Tall, Slim & Erect: Portraits of the Presidents
by Alex Forman
Les Figues Press, 2012
131 pages / $15 Buy from Les Figues Press
James Monroe was the third president to die on the fourth of July. Franklin Pierce was arrested for running a woman over with his horse. James Buchanan carried his head cocked to the side like a poll parrot (whatever that is). These and other trivial-pursuit answers are drawn from Tall, Slim & Erect: Portraits of the Presidents, Alex Forman’s compelling and often very funny book of short presidential biographies. With text appropriated from dozens of sources, Forman presents us with a surprisingly dishy view of our first thirty-seven leaders that, through her light touch, still manages to bring up some highly relevant questions about our expectations of history and our chaotic construction of public figures.
In his introduction to the text, Ben Ehrenreich characterized Forman’s effort as one to humanize the presidents, and the portraits are, indeed, deeply human, with a heavy emphasis on personal foibles and physical oddities. The Presidential body is essential to these portraits. Of course we might claim that the presidential body is essential to a great deal of political discourse—from Obama’s smoking and Cheney’s beat-less heart to that final dictatorial accessory, the glass coffin—but what Forman gives us is something different, not the body as symbol or the body as tool of power, but the body as body. Grant “had unusually small hands and feet,” Coolidge was “deficient in red corpuscles,” and while Washington’s famed wooden teeth don’t make an appearance, his pockmarks and bouts of dysentery do. The bodies depicted here are intimate bodies, embarrassingly physical, and not fit for public perusal—which makes it especially striking that this book is, in large part, a compilation of public perusals. Drawn from a few centuries worth of news, diaries, histories, speculations, Wikipedia articles, and gossip, Tall, Slim, & Erect is a distillation of the public gaze.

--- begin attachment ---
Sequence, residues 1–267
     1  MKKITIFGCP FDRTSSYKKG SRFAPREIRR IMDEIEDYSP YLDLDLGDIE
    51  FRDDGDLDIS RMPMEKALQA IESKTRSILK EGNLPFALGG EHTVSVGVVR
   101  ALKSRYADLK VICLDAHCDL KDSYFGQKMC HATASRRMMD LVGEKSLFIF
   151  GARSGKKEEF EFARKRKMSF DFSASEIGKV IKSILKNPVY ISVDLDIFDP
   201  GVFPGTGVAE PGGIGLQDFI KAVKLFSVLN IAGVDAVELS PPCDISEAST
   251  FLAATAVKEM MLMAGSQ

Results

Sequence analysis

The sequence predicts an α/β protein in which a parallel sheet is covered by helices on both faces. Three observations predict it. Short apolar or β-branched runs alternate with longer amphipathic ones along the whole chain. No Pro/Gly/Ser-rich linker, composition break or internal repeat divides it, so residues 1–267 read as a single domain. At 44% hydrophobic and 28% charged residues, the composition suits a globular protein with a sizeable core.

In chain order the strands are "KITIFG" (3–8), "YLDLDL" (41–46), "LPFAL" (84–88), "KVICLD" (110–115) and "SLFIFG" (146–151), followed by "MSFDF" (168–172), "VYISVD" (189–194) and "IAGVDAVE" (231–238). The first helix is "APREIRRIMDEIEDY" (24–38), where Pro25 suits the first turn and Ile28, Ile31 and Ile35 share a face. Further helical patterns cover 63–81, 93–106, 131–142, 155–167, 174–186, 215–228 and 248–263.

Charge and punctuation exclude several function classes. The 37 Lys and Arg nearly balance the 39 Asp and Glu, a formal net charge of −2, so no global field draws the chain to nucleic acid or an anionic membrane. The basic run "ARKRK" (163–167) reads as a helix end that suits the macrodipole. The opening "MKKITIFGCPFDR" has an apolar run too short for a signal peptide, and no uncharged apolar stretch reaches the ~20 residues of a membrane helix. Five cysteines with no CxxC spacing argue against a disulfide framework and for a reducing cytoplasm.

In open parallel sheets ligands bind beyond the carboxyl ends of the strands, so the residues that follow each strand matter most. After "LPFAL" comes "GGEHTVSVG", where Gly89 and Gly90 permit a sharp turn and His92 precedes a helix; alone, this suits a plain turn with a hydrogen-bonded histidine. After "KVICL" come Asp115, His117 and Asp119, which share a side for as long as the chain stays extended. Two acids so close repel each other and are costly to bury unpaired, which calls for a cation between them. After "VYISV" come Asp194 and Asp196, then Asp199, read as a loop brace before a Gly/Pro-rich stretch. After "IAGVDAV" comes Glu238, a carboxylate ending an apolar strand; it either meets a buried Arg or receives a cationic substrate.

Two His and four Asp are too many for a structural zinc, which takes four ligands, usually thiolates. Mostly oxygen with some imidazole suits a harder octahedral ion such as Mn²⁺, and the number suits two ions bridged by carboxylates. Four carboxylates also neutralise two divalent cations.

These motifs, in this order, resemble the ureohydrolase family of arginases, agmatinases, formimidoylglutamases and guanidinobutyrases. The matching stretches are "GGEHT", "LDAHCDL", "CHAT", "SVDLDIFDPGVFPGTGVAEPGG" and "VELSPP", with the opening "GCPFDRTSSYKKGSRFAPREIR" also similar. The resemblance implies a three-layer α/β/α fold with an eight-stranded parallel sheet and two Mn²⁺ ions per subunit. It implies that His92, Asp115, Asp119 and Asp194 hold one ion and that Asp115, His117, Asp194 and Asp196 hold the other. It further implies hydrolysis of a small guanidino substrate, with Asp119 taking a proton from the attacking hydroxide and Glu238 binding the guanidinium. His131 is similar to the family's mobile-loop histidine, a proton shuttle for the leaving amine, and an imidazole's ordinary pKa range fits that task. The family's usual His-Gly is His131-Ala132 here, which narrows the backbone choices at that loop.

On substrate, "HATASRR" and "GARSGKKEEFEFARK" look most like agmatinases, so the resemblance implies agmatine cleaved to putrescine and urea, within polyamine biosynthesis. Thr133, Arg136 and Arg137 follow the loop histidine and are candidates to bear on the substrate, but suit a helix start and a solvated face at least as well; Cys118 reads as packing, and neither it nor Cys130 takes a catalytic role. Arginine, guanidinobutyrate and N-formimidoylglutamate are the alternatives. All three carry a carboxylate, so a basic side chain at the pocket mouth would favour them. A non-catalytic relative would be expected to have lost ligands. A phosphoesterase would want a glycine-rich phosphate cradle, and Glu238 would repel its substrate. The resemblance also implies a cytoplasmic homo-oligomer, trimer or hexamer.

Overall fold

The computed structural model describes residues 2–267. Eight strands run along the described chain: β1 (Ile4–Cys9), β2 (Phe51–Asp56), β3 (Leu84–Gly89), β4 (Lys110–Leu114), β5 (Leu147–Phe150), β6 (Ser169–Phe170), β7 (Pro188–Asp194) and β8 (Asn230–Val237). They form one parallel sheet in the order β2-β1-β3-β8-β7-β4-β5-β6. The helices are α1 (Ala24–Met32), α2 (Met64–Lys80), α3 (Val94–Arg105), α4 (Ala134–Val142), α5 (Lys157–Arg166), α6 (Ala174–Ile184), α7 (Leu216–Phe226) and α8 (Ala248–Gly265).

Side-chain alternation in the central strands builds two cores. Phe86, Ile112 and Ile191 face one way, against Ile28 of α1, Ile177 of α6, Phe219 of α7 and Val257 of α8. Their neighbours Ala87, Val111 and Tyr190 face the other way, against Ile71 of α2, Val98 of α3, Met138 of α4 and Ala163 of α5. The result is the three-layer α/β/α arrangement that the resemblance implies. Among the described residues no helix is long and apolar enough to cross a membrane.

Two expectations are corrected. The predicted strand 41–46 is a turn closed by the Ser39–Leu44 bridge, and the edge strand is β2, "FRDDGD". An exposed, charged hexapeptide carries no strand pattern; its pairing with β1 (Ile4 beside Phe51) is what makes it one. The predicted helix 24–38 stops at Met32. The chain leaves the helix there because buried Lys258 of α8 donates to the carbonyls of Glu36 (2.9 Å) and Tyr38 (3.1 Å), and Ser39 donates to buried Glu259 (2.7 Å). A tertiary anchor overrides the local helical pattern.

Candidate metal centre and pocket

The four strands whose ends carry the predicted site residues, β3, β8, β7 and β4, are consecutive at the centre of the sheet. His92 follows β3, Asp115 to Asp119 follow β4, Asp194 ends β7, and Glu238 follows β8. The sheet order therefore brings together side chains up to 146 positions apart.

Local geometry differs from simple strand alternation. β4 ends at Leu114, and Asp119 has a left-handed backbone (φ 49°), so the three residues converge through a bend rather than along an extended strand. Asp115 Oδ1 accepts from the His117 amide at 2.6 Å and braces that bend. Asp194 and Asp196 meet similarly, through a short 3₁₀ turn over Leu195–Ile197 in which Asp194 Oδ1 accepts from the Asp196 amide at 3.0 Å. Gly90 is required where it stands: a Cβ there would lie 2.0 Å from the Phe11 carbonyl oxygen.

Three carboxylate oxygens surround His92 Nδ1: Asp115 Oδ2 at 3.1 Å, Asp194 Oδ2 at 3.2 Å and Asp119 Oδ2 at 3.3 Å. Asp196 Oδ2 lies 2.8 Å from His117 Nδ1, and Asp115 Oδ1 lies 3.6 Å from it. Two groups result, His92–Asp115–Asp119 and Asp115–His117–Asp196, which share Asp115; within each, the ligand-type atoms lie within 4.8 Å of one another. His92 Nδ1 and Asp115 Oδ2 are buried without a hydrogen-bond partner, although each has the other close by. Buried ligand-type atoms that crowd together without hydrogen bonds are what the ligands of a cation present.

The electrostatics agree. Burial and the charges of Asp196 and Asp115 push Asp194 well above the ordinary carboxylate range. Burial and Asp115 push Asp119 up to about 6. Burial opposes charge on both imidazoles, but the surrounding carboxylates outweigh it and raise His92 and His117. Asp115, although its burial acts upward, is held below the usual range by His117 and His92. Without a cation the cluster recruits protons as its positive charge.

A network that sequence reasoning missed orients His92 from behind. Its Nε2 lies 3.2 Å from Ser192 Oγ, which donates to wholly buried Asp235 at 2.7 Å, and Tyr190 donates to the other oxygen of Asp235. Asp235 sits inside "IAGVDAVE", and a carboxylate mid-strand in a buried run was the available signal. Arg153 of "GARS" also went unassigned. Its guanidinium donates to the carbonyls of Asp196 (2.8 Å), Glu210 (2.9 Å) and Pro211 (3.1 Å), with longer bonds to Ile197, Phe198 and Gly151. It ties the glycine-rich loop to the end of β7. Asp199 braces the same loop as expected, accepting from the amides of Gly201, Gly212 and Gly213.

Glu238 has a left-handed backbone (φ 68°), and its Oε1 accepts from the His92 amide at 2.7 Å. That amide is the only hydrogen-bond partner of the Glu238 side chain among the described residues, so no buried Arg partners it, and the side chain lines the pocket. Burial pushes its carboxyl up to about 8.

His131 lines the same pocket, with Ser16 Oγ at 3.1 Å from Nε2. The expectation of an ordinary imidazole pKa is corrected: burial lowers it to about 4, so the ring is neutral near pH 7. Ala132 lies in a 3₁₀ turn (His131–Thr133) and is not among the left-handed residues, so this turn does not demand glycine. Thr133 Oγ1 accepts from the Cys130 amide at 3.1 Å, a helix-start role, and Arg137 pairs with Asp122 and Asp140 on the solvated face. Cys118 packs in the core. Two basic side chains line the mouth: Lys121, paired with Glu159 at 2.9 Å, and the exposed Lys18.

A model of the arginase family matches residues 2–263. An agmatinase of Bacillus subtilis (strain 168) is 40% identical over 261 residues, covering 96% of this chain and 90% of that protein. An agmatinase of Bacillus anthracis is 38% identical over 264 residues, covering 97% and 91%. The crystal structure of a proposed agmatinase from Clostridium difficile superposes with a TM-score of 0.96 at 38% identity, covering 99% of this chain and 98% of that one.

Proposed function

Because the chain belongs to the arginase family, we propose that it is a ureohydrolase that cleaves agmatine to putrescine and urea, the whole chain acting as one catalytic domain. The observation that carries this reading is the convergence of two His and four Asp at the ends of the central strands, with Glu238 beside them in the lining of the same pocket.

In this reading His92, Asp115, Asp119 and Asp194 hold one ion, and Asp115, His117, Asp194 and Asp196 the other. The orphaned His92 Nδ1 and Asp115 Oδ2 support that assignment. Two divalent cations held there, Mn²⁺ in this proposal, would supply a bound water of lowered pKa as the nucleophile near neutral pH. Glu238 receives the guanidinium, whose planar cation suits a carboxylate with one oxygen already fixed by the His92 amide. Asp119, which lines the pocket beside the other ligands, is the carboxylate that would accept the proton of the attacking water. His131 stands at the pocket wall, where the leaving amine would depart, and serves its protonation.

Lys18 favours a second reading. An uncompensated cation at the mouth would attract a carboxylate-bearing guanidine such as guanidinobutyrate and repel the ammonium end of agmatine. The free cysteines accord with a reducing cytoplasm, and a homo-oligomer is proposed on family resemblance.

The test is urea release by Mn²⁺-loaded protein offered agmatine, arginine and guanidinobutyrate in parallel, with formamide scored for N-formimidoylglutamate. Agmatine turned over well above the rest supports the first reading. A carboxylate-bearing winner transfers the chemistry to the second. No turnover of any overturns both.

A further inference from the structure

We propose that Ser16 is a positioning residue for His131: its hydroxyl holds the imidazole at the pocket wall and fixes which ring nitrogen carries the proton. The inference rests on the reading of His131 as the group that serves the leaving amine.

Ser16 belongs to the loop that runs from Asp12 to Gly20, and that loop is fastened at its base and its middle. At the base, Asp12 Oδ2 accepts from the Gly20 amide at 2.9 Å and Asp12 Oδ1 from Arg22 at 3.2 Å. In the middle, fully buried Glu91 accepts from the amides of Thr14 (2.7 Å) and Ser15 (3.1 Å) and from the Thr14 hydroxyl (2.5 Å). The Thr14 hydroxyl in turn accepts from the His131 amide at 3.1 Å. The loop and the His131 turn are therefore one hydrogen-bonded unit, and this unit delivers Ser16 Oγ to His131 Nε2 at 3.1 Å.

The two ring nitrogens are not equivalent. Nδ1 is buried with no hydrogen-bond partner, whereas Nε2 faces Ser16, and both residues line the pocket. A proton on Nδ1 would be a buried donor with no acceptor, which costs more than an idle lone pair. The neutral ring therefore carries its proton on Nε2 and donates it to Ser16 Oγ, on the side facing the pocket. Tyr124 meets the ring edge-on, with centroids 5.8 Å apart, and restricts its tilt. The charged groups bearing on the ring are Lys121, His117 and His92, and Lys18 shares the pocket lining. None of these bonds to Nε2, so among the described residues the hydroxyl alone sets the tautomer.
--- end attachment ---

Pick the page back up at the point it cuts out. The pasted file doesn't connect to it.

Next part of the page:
April 27th, 2012 / 12:00 pm
This is a good question to ask because: she has written only four stories and has appeared on Vice and has had requests from agents to represent her. Even though many writers in the online literary world, such as Elizabeth Ellen or Sam Pink have been writing for years before good things started to happen. And I don’t know if either of them even have agents.
So what is about Marie Calloway’s stories that make them so desired? Why would an agent assume she could write a book that would sell 100s of thousands?
To use Occam’s Razor to get to the simplest explanation, which I think explains the agent: is that Marie Calloway’s writing is about a young girl having sex. Which people love. Men love imagining a young woman having sex and young women want to read about other young women having sex. The writing is sensational, she uses famous people’s names, a young woman/girl has sex, she goes to fabulous cities like New York City or London. She mentions porn’s influence on male sexual behavior. She has sex with an older slightly famous writer who is married. She loses her virginity before marriage, has promiscuous sex. She is topical, she is sexual. She is Star/Enquirer magazine/Harlequin mixed with alt-lit.